The calendar noted March 20 as the first day of spring, or Spring Equinox.
Rain or shine, a small statue of a hooded man stands sentinel over my garden, reminding me of the billions of gardeners who have shared vegetables, herbs and flowers with others.
It’s no secret that I’m a real fan of salvia.
Got a plant you’d like others to know and grow? Need a way to spread it around?
If you read this Southern Gardening column frequently, you realize that I grow much more than pretty flowers in my home garden.
You know that cringey feeling when someone attends a wedding wearing something so flashy it takes away from the bride’s glory? Same thing happens when azaleas erupt into eye-popping bloom.
Salvia is one of the groups of plants that everyone should have in their landscape.
My first strong memory of our childhood lawn was vowing to “not have any grass to mow when I grow up.” And I don’t.
Some of my favorite late-summer annuals are the ornamental peppers.
It’s legal to gamble in the garden, which is good because I just threw money, effort and hope at some tomato plants.
We had another great weather weekend in the garden, and I spent a couple of days catching up on getting my Urban Nano Farm ready for spring.
Gardening is at the top of the list for a healthy hobby. Thirty minutes a day can improve your mood and stress levels. After being inside all winter, didn’t that first bright yellow daffodil bring a smile to your face?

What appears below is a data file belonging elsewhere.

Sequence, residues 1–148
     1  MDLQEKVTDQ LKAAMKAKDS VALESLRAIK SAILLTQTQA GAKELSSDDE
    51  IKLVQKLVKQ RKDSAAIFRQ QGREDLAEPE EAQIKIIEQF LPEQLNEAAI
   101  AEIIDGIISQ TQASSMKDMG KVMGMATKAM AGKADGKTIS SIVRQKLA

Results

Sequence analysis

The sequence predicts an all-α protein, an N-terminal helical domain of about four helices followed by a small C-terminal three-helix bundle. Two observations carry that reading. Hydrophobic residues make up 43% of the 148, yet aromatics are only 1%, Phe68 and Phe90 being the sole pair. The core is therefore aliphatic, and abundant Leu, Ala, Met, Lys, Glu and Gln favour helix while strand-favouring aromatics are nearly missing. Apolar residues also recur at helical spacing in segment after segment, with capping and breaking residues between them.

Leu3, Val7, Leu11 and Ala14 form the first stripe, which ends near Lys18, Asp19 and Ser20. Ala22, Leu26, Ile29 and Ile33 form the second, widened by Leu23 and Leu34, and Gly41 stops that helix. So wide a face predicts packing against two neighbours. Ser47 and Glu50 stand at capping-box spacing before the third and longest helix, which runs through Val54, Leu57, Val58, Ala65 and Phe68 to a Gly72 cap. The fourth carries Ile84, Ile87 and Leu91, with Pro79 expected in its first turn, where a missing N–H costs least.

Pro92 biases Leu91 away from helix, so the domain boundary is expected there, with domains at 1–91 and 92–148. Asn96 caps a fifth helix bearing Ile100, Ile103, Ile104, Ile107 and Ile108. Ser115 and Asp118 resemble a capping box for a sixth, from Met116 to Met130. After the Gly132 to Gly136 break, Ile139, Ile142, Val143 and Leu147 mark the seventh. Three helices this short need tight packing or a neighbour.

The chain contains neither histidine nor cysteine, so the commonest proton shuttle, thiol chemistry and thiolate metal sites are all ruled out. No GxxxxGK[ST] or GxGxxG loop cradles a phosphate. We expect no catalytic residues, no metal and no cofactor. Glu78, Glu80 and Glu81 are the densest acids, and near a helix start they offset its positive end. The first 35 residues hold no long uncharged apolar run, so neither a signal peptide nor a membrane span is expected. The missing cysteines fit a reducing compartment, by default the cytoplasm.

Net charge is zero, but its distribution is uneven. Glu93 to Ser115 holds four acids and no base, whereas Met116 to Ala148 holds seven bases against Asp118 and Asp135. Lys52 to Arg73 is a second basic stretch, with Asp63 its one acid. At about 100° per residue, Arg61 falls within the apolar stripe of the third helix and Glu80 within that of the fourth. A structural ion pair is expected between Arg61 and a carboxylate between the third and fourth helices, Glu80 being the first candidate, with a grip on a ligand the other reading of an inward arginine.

I have an expensive dilemma in my little garden, thanks to an appreciation of wildlife. My altruistic intentions are one thing, but keeping voracious interlopers off my vegetables is a whole ‘nother issue.
Never know how to dress these days, much less what is safe to plant.
This time of year, it’s ups and downs, temperatures jerking from 70 one day to 30s the next. It’s the season weather forecasters can only shrug sheepishly.
After going through that recent cold snap, the glorious weather this past weekend has me wanting spring to get here as fast as possible.
I just “86ed” some of my garden by tossing freeze-damaged plants and trimmings into my leaf-pile compost bin. It will be run back through the garden later.
The great winter storm of 2021 is finally over, and now we can finally get out into our gardens to survey the damage. And my
I survived this month’s single-digit freeze, but my garden wasn’t so fortunate. What to do now?
I have to admit that I can’t even remember the groundhog’s prediction when he was dragged out of his burrow in Punxsutawney, Pennsylvania, on Feb. 2. It seems we have experienced an entire year’s worth of weather conditions since that day.
What’s the easiest DIY veg and herb garden for newbies?